Tuesday 26 September 2017

Voting No will deny us affordable credit, says NTMA

Michael Brennan Deputy Political Editor

THE agency responsible for funding the State has warned that a No vote will cut off the State from borrowing at an affordable rate.

The National Treasury Management Agency's stark advice is a rejection of the No campaign argument that the €700bn European bailout fund is not required -- because the markets would provide the necessary funding instead.

Finance Minister Michael Noonan briefed the Dail about the NTMA's advice yesterday.

"It considers that a No vote in the referendum on the stability treaty would mean in all likelihood that it would not be possible for Ireland to re-enter the bond markets at sustainable rates," he said.

The State is currently paying an interest rate of 3.46pc on our current EU-IMF bailout loans. But it would have to pay double this if it went to the markets, where the current interest rate is 7pc on 10-year Irish government bonds. The planned new €700bn EU bailout fund is only available to countries who ratify the treaty.

Mr Noonan said it was independent advice from the NTMA -- but that it fully concurred with his own opinion. He said that a No vote would result in the State having "no money" by the end of next year.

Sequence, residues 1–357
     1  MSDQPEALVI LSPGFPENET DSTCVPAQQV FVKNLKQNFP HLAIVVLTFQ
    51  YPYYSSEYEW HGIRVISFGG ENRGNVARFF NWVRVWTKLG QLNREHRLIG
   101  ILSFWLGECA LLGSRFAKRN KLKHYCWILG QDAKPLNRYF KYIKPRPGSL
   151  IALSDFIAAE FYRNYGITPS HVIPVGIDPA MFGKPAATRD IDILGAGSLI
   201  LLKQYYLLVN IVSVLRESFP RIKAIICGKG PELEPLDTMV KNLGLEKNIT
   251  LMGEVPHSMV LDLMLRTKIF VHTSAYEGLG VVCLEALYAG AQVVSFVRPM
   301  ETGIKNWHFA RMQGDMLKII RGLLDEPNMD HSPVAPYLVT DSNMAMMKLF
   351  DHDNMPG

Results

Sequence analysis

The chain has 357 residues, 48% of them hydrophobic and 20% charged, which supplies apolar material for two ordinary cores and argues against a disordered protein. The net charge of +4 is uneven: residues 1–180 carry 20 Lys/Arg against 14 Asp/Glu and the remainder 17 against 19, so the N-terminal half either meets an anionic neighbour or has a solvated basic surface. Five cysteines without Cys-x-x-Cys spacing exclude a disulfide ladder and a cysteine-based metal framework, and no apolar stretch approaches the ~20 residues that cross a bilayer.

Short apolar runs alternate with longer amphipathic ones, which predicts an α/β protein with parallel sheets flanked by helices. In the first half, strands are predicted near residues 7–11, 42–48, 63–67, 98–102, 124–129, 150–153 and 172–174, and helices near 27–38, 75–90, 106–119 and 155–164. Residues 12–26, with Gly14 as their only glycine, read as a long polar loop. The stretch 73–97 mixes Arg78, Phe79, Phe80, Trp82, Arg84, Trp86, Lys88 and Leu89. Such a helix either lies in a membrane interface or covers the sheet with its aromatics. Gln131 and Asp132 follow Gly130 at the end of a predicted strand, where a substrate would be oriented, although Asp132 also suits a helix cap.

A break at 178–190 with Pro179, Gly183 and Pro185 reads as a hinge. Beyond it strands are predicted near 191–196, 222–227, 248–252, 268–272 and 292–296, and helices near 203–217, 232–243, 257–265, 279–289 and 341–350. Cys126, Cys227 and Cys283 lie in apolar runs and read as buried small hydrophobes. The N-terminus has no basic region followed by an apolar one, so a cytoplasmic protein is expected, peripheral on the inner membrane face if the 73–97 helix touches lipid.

Whingeing

"The deputies opposite will then be whingeing, shouting and roaring about cutbacks in health services, education and everywhere else because if we get no money we will have to make the adjustment in one year," he said.

It is the first time the NTMA has been brought into a European referendum campaign.

It is responsible for securing funding for the State when the current bailout deal expires at the end of next year. The State will need to borrow €16bn after that to secure enough funding to keep services going in 2014.

Mr Noonan dismissed Socialist Party TD Joe Higgins's complaints that people were being harassed and bullied into voting Yes by economic agencies.

"The only harassment and bullying I have seen in the past couple of weeks involved supporters of the No campaign harassing and bullying the Taoiseach as he campaigned across the country. They tried to prevent him from explaining the situation to ordinary, decent citizens," he said.

It came after Mr Kenny's car was pelted with eggs during a visit to Milford in Donegal last Monday.

Irish Independent

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